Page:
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Jack Palmer 06-14-2012

CNN reports on worrying developments in Egypt:

"Egypt's highest court on Thursday declared the country's parliament invalid and cleared the way for a member of former President Hosni Mubarak's regime to run in a presidential election runoff this weekend.

The Supreme Constitutional Court ruled that parliament must be dissolved, state TV reported. An Egyptian constitutional law expert told CNN that following the court's decision, a political decision would be made about whether to dissolve parliament.

Following the ruling, Egypt's interim military rulers claimed to have full legislative control of government. Parliament had been in session for just over four months."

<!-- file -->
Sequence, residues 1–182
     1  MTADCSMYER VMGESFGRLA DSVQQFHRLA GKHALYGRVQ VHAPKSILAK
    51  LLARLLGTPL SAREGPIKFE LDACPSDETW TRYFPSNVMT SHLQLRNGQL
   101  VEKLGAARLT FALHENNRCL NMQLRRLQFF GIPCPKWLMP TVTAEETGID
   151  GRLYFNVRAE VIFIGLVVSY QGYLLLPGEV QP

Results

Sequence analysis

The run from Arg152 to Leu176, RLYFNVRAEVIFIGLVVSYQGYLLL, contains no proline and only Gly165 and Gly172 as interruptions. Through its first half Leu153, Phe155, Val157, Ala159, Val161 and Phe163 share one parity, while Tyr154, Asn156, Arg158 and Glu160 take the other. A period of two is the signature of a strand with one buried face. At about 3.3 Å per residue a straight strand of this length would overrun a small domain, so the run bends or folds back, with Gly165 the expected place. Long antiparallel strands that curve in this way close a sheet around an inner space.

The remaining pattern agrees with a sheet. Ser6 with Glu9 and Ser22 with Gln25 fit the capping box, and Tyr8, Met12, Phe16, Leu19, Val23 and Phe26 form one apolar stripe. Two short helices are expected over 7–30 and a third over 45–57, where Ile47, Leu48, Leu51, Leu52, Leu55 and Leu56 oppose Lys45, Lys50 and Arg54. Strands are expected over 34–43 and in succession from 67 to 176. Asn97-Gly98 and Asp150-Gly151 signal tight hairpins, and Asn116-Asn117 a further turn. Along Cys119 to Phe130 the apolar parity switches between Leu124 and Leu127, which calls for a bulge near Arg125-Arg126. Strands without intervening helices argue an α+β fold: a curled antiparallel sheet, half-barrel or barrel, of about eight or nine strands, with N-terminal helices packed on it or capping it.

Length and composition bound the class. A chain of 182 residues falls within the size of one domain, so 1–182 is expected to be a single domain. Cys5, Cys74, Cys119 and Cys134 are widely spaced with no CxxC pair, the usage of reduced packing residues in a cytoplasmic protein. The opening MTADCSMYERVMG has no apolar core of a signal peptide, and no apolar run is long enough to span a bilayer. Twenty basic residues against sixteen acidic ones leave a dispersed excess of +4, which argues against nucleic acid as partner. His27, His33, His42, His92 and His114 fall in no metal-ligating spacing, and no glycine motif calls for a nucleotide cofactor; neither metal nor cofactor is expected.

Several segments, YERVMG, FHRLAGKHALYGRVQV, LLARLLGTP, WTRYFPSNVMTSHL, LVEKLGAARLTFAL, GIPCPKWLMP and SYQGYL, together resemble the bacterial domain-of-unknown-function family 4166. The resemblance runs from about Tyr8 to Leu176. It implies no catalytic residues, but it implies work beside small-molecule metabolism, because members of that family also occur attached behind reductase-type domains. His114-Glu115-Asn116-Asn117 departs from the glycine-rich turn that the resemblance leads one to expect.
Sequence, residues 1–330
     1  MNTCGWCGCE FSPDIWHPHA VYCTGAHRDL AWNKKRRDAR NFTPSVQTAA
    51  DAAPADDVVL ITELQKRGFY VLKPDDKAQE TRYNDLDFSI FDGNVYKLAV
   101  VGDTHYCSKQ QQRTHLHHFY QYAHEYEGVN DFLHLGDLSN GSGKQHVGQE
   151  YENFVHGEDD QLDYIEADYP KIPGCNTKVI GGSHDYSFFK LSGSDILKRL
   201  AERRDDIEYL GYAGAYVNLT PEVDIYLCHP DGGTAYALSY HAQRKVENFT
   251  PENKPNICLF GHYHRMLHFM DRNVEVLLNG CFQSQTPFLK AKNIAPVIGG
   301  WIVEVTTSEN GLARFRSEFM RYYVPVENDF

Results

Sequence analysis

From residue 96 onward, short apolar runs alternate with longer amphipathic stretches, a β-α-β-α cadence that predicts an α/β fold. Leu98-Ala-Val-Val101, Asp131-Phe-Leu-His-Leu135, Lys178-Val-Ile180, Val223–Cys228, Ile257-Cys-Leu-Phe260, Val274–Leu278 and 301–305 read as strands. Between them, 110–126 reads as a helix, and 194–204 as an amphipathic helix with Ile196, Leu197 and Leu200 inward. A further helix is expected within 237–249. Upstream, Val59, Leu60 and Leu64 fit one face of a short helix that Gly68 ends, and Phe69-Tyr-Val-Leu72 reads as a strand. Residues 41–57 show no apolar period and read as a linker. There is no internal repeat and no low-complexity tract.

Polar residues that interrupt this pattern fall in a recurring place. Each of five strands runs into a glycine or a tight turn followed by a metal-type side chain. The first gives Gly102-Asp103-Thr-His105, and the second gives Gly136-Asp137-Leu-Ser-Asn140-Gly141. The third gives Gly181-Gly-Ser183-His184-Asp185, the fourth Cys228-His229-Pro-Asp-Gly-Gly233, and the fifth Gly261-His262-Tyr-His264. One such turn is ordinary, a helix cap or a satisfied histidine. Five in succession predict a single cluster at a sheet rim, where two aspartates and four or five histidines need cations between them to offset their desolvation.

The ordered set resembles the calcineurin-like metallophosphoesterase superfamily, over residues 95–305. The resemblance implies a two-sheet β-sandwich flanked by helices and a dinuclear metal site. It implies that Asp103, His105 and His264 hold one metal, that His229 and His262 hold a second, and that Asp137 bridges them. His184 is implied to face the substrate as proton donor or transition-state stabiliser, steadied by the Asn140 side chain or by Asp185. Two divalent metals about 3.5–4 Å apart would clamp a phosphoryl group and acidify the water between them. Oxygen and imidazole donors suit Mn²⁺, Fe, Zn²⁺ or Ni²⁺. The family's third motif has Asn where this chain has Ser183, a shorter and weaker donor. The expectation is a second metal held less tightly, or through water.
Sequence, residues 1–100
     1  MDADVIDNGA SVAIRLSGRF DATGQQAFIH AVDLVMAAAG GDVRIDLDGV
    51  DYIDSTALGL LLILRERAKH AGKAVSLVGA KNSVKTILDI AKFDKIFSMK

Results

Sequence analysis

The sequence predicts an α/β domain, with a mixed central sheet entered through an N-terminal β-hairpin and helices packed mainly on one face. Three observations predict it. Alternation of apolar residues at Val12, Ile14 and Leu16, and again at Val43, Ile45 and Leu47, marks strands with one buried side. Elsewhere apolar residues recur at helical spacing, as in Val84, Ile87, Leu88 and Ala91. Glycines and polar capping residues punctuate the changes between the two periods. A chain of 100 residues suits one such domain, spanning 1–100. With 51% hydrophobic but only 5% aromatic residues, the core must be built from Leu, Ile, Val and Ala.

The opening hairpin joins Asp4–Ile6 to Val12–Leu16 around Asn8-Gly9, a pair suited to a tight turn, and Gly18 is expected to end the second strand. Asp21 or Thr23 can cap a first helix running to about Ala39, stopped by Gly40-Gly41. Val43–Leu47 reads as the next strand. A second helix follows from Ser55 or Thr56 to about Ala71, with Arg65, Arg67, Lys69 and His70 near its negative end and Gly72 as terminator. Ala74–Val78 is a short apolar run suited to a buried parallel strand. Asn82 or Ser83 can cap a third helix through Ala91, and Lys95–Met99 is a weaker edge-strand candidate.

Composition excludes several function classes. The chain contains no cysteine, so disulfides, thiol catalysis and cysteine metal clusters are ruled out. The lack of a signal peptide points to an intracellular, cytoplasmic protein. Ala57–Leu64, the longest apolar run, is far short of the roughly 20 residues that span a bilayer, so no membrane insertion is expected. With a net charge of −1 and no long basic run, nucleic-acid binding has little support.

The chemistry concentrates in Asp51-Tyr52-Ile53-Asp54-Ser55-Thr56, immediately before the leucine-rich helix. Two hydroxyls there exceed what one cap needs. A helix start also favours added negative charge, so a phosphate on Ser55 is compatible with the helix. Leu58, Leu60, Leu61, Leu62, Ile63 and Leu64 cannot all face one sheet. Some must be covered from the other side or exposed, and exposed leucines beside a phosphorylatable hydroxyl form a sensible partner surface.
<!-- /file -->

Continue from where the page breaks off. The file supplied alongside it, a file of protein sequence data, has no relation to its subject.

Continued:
Jack Palmer 02-02-2012
Union Jack mural in disrepair. Image via

Union Jack mural in disrepair. Image via

Gandhi once said that "a nation's greatness is measured by how it treats its most vulnerable." Today, it strikes me that the "Great" in Great Britain should probably be quietly dropped, and replaced with "Abject," "Inadequate" or something equally disparaging.

For that is how the UK is currently treating its most vulnerable — the young, the elderly, the disabled — inadequately, abjectly and without compassion. For the last few weeks, a battle has been raging between the government, the legislature, the Church, organizations, and the general public over a piece of legislation called the Welfare Reform Bill.

The bill is wide ranging in its ‘reforms’, covering a myriad of social security measures – from disability benefits, to welfare offered to the unemployed and their families and children. At a time when austerity and budget cutting is front and center of the government’s agenda, ‘reform’ is a by-word for ‘cutbacks’.